Biosimilars are the generic versions of expensive biologics. Unlike traditional chemical-based drugs, biologics are manufactured from substances found in living things. This type of medicine interacts with the body’s cells to relieve symptoms or to prevent or slow the progression of disease. Biologics have proven successful for treating autoimmune disorders, multiple sclerosis, diabetes and some cancers. They are also among the most expensive drugs on the market.
Pharmaceutical companies that participate in the drug discount program cut the price of their medicines by 70 percent when they are bought by beneficiaries in the coverage gap, also known as the doughnut hole. The discounts do not change the out-of-pocket share consumers pay, but they do reduce the total cost of the drugs paid by the Part D prescription drug plans. Until now, biosimilar companies were excluded from the program.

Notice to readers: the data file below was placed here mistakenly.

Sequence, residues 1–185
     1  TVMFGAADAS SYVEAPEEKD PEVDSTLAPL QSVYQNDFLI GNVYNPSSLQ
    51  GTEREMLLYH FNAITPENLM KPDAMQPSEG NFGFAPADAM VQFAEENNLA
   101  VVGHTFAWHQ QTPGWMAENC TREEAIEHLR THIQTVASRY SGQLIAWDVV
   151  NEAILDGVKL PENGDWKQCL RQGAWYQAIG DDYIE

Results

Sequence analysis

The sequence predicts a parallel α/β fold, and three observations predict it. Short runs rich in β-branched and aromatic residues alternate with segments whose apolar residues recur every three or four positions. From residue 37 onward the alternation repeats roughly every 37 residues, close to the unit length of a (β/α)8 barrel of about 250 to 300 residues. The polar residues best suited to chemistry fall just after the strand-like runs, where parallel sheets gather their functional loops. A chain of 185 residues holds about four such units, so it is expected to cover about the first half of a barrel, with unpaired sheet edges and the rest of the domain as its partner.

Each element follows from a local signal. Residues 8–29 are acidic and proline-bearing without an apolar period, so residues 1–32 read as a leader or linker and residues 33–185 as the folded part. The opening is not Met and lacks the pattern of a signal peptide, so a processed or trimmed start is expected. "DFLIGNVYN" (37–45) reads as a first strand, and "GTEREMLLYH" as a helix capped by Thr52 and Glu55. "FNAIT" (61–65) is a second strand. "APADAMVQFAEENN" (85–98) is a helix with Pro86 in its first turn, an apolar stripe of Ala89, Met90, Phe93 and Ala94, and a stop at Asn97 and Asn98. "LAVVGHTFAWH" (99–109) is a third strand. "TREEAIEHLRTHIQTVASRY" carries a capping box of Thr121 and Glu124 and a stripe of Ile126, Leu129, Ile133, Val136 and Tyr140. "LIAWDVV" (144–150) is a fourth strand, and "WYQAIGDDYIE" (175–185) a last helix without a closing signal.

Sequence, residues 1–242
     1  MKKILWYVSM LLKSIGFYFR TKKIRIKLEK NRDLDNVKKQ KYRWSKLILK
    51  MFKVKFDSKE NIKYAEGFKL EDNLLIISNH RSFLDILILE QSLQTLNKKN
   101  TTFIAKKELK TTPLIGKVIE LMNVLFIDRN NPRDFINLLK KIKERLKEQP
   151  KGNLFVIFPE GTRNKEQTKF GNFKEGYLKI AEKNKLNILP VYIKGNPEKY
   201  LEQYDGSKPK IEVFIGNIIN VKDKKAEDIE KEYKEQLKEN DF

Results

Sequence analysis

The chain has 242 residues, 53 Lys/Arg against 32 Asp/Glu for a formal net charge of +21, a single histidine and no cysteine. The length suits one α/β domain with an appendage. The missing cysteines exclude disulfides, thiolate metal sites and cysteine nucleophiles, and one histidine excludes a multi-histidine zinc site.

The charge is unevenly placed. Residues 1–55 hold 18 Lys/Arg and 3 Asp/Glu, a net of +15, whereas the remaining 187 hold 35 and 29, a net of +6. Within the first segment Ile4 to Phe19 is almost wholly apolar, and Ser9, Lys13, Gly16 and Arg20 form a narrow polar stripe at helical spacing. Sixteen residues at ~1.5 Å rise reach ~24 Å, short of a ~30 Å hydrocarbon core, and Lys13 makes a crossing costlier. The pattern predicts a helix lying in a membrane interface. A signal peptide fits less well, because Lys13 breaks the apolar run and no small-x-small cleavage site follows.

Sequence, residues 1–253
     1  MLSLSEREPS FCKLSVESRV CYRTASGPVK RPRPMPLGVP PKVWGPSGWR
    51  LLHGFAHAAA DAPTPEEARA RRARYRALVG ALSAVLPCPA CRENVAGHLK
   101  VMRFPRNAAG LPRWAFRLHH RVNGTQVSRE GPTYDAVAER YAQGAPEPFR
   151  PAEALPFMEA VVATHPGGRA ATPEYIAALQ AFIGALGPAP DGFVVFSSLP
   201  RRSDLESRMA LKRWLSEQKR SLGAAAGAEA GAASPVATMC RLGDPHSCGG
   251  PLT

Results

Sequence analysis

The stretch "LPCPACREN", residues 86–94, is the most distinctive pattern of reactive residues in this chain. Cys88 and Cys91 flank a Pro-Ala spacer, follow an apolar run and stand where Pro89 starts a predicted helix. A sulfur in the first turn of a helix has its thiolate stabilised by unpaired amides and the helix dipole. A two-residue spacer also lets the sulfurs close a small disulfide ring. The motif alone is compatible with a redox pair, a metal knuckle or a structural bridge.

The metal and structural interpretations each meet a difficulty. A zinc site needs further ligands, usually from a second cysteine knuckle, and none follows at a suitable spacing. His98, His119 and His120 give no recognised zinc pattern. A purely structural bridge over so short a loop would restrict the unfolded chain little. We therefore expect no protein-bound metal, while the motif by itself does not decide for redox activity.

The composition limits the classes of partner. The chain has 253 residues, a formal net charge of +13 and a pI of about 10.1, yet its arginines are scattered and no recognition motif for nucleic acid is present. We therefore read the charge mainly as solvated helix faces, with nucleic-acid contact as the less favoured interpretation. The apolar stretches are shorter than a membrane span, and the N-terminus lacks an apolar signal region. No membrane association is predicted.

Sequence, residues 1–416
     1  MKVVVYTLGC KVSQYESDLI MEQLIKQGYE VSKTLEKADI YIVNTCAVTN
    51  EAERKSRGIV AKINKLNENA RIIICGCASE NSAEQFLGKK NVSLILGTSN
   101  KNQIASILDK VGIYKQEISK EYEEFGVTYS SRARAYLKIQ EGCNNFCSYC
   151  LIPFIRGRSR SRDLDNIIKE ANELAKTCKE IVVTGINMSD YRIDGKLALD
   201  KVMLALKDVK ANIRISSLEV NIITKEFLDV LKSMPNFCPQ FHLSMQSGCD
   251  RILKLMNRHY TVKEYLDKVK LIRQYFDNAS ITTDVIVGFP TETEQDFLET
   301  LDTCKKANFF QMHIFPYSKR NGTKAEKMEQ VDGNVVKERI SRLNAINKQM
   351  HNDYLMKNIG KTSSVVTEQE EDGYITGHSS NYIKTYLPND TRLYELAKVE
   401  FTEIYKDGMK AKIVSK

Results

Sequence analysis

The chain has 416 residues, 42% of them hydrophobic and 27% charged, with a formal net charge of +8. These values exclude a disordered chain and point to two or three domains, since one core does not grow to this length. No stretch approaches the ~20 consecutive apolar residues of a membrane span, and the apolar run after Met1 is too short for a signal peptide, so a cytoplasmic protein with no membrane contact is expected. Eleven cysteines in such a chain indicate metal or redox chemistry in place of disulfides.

“This puts biosimilars on parity with more expensive biologics,” says Michael Brzica, vice president of federal affairs at the Association for Accessible Medicines. “It means biosimilars are now able to offer rebates and discounts. This change allows them to compete.”
Brzica adds that although the change will not have an immediate effect on beneficiaries’ out-of-pocket costs, “the inclusion of biosimilars in the Medicare formulary will ultimately lead to lower premiums for them.”
The AARP Public Policy Institute found that the average annual cost for a biologic drug used on a regular basis in 2015 was $53,562 — a 201 percent increase over 2006. The Moran Company, a health care research and consulting firm, has estimated that Medicare would save $1 billion over the next decade by allowing biosimilar drug manufacturers into the Part D discount program.